Association of American Publishers
The Association of American Publishers (AAP) is the national trade association of the American book publishing industry. AAP has more than 300 members, including most of the major commercial publishers in the United States, as well as smaller and non-profit publishers, university presses and scholarly societies. Former U.S. congresswoman Patricia Schroeder served as the association's CEO from 1997 until 2009, taking over the role from two time US Ambassador and Assistant Secretary of State Nicholas A. Veliotes. On May 1, 2009 former U.S. congressman Tom Allen took over as president and CEO.
AAP members publish hardcover and paperback books in every field, educational materials for the elementary, secondary, postsecondary, and professional markets, scholarly journals, computer software, and electronic products and services.
The association's core programs deal with intellectual property; new technology and digital issues of concern to publishers; the freedom to read, censorship and libel; the freedom to publish; funding for education and libraries; postal rates and regulations; tax and trade policy; and international copyright enforcement.
AAP was criticized after it contracted Eric Dezenhall's crisis management firm to promote its position regarding the open access movement. Schroeder told the Washington Post the association hired Dezenhall when members realized they needed help. "We thought we were angels for a long time and we didn't need PR firms."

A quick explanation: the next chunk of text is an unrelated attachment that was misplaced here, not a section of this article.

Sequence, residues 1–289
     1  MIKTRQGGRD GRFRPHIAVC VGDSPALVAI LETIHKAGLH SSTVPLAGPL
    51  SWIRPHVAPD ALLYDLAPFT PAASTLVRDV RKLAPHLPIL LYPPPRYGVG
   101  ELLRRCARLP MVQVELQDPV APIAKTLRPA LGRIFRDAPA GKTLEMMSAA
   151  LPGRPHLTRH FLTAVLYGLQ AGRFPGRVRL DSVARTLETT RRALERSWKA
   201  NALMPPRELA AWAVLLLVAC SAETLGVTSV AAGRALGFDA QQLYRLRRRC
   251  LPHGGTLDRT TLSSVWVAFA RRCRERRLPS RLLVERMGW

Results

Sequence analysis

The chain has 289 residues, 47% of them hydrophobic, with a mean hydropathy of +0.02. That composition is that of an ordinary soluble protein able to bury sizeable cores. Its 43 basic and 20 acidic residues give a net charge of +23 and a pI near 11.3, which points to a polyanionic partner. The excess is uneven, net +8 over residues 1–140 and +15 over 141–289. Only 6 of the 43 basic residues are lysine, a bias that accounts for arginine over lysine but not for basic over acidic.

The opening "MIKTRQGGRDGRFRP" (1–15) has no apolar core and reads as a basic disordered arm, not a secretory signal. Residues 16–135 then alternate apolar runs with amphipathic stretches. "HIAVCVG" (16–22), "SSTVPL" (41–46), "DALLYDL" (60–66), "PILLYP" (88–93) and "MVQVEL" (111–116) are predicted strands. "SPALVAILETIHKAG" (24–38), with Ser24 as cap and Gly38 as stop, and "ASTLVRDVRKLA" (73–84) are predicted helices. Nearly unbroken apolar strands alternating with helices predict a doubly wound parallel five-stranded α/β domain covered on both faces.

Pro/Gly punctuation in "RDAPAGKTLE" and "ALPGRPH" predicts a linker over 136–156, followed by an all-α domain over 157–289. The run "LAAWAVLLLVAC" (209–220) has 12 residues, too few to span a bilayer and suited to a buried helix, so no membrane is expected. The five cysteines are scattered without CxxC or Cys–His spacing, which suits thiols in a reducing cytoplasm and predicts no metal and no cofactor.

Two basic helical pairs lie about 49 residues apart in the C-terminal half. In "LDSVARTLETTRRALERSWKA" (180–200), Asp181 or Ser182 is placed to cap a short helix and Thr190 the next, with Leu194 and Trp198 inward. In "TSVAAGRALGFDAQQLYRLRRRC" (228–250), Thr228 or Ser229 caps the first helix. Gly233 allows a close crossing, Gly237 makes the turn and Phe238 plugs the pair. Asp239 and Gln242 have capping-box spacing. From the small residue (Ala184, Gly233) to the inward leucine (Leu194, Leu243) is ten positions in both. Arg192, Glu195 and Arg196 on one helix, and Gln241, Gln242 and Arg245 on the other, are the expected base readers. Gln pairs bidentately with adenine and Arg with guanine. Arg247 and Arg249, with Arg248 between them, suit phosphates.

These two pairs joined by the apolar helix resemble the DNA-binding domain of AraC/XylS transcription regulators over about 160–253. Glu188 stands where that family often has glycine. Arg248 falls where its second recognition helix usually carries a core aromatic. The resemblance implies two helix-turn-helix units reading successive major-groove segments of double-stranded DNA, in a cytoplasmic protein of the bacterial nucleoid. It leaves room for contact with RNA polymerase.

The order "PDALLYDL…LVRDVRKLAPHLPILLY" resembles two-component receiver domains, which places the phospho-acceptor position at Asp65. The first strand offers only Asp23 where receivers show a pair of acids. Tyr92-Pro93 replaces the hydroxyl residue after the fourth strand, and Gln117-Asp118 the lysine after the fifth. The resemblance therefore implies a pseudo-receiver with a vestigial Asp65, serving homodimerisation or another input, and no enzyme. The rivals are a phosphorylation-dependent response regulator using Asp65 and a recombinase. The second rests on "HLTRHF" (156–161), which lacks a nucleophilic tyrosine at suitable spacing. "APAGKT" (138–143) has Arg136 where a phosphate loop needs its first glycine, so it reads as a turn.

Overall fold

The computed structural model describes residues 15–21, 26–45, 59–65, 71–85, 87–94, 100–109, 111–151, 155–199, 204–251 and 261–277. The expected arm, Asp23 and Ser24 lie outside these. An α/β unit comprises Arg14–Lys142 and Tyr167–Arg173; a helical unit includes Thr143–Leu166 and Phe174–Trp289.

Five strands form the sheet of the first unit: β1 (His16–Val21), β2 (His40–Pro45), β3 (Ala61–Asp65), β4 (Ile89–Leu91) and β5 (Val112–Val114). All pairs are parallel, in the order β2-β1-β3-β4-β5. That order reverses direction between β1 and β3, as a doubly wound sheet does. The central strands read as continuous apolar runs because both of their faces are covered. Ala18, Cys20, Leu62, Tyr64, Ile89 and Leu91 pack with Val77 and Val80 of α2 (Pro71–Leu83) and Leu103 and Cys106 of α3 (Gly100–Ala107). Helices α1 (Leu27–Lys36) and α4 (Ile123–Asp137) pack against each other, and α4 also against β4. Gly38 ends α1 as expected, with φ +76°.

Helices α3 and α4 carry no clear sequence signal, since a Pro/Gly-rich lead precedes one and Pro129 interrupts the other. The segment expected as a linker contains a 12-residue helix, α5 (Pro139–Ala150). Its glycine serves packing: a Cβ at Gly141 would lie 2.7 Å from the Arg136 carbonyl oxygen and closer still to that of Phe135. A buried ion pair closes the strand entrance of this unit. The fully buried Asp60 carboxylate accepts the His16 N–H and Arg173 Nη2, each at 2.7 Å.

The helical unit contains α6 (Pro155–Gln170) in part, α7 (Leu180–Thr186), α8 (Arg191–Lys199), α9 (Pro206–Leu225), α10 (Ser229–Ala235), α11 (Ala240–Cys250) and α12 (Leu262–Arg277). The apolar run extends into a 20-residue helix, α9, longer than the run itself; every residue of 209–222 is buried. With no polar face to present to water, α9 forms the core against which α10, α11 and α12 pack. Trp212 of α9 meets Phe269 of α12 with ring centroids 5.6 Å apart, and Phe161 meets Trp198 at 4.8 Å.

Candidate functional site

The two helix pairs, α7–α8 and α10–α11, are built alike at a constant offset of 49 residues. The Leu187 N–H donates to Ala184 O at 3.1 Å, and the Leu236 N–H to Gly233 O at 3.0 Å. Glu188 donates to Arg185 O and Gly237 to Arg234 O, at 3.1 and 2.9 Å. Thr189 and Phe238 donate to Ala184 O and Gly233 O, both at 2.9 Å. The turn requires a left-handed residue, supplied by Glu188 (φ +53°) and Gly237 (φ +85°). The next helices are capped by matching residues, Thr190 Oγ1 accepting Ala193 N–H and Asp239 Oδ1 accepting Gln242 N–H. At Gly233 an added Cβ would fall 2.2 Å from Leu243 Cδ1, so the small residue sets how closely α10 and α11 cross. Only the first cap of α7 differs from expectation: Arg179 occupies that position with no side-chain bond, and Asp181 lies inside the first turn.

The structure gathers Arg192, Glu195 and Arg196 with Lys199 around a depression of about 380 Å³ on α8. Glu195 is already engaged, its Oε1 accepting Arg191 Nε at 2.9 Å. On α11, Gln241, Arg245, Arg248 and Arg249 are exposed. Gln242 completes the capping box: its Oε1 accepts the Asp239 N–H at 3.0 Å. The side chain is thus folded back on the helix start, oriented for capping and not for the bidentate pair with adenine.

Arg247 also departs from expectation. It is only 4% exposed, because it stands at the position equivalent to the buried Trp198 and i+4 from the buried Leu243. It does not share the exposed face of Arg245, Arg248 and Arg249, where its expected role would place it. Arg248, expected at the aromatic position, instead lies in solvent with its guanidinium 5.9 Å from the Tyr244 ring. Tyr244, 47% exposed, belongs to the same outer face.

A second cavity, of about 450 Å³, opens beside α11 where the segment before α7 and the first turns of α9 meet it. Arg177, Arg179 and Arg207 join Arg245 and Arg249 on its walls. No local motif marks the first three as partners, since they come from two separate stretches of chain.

- International Publishers Association
- American Publishers Association
- Society for Scholarly Publishing
- Giles, Jim (2007-01-25). "PR's 'pit bull' takes on open access. Journal publishers lock horns with free-information movement.". news @ nature.com. Nature Publishing Group. Archived from the original on 27 January 2007. Retrieved 2007-01-30.
- David Biello (26 January 2007). "Open Access to Science Under Attack". Scientific American. Retrieved 2007-02-02.
- Rick Weiss, Publishing Group Hires 'Pit Bull of PR' , Washington Post. January 25, 2007
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